Posted by: Judy | March 6, 2014

Faith and Hope…

Invisible Shadow shared her struggle with faith and hope, inspiring this reply from me:

You know I’m not shy about my faith. I also know how deeply personal faith is. In my own journey, faith isn’t something I found “out there.” It’s something I found inside. I can’t completely separate faith and hope (I have made the attempt), but they are different entities. I’ve read the Bible numerous times, and it strengthens my faith. I pray, and it strengthens my faith. I struggle to do what’s right, and it strengthens my faith. It’s woven into my soul, a part of who I am. No matter how miserable or happy I am. Faith is a choice I made. Like choosing to continue to learn. I believe God has helped me strengthen it over the years, but it belongs to me to nurture or starve. My faith survives no matter what happens only because I’ve worked hard to make sure it survives. Hope, on the other hand, at least to me, is something I associate more with God, like Love. God is Love, and God gives Hope. My perspective entirely. It’s why I can’t squash it, no matter how hard I’ve tried. Since it’s something God gives, I can’t kill it. I can turn away from it, but it’s always there. Like faith, I can nurture hope. Hope is more refined? More delicate. My faith survives the fires far better than hope does, but I wonder if it’s because of the way I was raised. Faith saw me through the insanity. I could hold it inside, unseen. Hope shines. NM relished squashing hope, happiness, joy. I was afraid to hope. I needed my faith to survive. How sad… Hope was a luxury I couldn’t afford sometimes. Faith saw me through each day. I’m still living like I can’t afford hope… I need to change how I look at this.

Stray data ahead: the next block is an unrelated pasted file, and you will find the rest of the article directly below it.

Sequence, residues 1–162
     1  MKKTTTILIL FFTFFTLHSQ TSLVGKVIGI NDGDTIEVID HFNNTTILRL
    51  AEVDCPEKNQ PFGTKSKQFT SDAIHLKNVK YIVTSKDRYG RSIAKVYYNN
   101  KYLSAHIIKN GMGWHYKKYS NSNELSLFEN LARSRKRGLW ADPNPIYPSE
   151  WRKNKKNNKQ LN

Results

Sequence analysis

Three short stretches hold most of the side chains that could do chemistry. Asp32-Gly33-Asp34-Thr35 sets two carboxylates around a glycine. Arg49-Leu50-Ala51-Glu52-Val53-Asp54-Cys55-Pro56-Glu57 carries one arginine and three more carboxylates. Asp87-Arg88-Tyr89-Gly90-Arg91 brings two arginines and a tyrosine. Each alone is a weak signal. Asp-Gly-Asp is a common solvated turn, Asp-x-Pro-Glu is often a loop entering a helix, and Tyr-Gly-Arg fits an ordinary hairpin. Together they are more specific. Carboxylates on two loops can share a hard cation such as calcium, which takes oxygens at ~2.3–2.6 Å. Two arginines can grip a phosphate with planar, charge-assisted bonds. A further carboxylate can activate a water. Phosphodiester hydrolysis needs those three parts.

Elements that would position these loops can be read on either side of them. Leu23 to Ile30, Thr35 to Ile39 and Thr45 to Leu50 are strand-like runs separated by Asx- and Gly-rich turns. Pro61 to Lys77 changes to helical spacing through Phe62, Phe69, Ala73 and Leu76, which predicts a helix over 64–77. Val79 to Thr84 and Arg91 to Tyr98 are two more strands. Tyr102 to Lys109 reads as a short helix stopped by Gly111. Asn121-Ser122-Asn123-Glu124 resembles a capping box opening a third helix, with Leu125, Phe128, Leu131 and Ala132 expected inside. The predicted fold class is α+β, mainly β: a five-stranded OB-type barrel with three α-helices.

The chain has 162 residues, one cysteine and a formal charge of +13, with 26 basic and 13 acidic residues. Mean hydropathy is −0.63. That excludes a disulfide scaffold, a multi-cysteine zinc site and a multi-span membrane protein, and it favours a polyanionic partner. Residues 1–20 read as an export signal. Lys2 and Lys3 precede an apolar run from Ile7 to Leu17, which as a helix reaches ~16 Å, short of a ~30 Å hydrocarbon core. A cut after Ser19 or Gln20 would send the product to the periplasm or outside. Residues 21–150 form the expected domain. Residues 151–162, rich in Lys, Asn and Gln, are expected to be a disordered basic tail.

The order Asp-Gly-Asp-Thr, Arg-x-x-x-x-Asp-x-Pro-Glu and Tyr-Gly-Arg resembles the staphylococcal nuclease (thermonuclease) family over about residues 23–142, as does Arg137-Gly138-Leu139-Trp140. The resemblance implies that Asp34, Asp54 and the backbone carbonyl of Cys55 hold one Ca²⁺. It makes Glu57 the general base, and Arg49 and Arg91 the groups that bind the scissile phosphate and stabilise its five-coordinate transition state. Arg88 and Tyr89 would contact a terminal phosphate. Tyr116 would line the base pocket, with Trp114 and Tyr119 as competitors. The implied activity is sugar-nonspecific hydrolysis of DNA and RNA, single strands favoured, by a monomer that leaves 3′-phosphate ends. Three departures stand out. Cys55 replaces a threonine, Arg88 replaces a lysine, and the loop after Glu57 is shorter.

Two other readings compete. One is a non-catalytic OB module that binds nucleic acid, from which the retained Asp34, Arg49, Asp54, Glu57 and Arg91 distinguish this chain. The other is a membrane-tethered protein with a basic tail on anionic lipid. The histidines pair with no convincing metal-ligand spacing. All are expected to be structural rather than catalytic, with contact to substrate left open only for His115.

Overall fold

Responses

  1. Thanks for bringing her post to my attention. I answered too. Hugs.

    • ((Ruth))

  2. When I posted that blog post about faith to my blog, and then got the responses from various bloggers, it gave me a lot to think about. More than anything else, I think, I was encouraged that faith can mean a lot of things to different people, and that most folks do not consider questioning your faith as a failure at practicing your faith, but rather, a necessary part of defining (or redefining) what your faith means to you. I appreciate that you took the time to share your own response, and especially appreciated your ideas about how faith and hope are connected, but not the same. Thanks again for being willing to put your own thoughts out there about the subject. It’s one of those subjects that people are often reluctant to talk about, so I was kind of surprised to see people show up in the comments with their own thoughts.

    In fact, I almost left comments closed on this one. I’m glad I didn’t. When you are in a place where you are questioning the very basis of your faith, it’s always good to get input from various sources, to help guide you on your way.

    • In put helps me question myself. Do I really believe that? If I do, why? If I don’t, why? It helps when the comments are respectful. Thanks for opening the discussion. It inspired tomorrow’s post as well.

      • Respectful is important, especially when exposing the vulnerability of questioning faith … thankfully, the folks that tend to comment on my blog are a good bunch, who are likely to be accepting and encouraging, which makes it much easier to broach even the tough subjects. I look forward to seeing your next blog post on the subject. Hope you have a good day today.

        • Thank you. It’s improving by the minute. 🙂


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